In Africa, things were vastly different. As of January 2022, the WHO reported that 8.1 million people in Africa have contracted the virus, with over 40 thousand deaths [3]. Although the continent was home to approximately 14% of the world's population, only 4% of the overall number of COVID-19 cases and about 3% of the deaths were reported [11]. However, it's worth noting that Africa is the world's youngest continent, which may help explain the gap [12]. Though, obtaining reliable statistics on African hospital admissions and, as a result, data on inpatient mortality might be complex [13]. In Africa, Zimbabwe has the eighth-highest number of COVID-19 cases [3]. Over 220 thousand COVID-19 infections have been reported in the country, with 5350 people dying as a result of the epidemic [14]. The Ministry of Health and Child Care (MOHCC) set up isolation centers in each province to accommodate all COVID-19 patients who require admission. Three isolation centers were established in Mashonaland West Province: Chinhoyi Provincial, Karoi General, and Queen Mary. In addition, due to the high demand for hospital beds the districts identified 11 other sites and established isolation centers bringing the total sites to 14. Mashonaland West Province had a very high COVID-19 institutional case fatality rate of 26%. This is against the national institutional fatality rate of 7%. The admitted cases in the province increased from 32 to 605 patients between May 31st, 2021 and February 21st, 2022. The case fatality rate was 19% (141) out of the 605 patients. The province took several steps to address this, including providing comprehensive COVID-19 case management training to all healthcare professionals working in isolation centers, outfitting all isolation facilities with ventilators, and creating a COVID-19 audit form. However, the audit forms and patient records data were yet to be analyzed. Analysis of this data will help highlight the areas in the province that performed well whilst identifying the less-than-optimal areas for future improvement in potential upcoming waves. Therefore, we collected all the audit forms and patient records and analyzed the COVID-19 data to describe admitted patients' deaths, determine the specific characteristics associated with death or survival, and estimate the survival time.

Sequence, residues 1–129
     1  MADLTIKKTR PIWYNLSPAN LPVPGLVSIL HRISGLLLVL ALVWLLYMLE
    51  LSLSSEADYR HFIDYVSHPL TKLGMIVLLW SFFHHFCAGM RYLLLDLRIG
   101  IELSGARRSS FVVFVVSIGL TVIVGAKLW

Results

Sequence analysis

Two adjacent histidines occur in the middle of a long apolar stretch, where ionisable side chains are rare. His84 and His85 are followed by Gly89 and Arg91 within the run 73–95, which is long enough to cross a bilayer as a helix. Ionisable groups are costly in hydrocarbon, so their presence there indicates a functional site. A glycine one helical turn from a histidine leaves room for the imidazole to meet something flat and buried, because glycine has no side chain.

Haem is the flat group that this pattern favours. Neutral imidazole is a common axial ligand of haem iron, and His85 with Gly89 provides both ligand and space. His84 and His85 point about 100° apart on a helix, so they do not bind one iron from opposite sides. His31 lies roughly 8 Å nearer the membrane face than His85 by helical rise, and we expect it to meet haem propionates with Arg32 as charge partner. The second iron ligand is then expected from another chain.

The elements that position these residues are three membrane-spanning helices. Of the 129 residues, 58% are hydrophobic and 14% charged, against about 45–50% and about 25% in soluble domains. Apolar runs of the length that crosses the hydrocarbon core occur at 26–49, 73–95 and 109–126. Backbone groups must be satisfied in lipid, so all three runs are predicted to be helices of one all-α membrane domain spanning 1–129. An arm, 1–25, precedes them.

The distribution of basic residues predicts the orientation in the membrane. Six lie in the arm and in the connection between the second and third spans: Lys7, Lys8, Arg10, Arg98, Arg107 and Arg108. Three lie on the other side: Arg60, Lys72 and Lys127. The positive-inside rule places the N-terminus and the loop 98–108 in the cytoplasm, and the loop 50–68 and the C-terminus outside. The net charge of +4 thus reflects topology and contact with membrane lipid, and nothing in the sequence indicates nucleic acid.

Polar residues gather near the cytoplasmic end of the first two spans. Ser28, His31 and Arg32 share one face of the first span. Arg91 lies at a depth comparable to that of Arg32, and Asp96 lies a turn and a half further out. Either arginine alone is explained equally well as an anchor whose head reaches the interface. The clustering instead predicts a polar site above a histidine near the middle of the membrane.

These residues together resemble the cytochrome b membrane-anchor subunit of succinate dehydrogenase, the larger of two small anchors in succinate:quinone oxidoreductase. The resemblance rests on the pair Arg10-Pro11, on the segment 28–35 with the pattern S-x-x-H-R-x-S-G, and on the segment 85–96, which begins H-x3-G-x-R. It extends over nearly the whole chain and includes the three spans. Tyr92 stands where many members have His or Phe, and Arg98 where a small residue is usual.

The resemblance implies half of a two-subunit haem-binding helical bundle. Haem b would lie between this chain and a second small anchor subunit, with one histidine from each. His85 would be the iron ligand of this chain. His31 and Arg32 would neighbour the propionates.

Operation of the audit: to track every admitted COVID-19 patient, the province created a paper-based audit form. After the patient was discharged, nurses at isolation centers entered data into the audit form. Following that, copies are sent to the District Health Information Officers. The audit form collected the following variables: age, sex, isolation center, disease severity, referral status, pre-existing conditions and pregnancy-related conditions, type of management administered, cause of death, and place of death among others. The audit forms aim to collect COVID-19 patient data to improve inpatient care quality and prevent future deaths.



Methods Up    Down

Study design: an analytic cross-sectional study based on secondary data was conducted to determine the factors associated with institutional fatality from April 2020 to April 2022 in Mashonaland West Province.

Study setting: our research setting was the 14 isolation centres in Mashonaland West. The population of Mashonaland West Province is 1,989,399 people (DHIS estimates 2021). Chegutu, Hurungwe, Kariba, Makonde, Mhondoro-Ngezi, Sanyati, and Zvimba are the province's seven districts. Emergency preparedness and response (EPR) teams and rapid response teams in the districts coordinate COVID-19 operations (RRTs). In the seven districts, there are a total of 365 beds accessible for COVID-19 patients. However, only 51 of the 365 (14%) beds have access to oxygen, and only six operational ventilators exist. In the province, there are 14 isolation centers. In its isolation centers, the province has admitted 672 cases.

Study participants and sampling: we conducted a census of all records available from April 2020-April 2022. Our study population included all available COVID-19 death audit forms and all available patient records.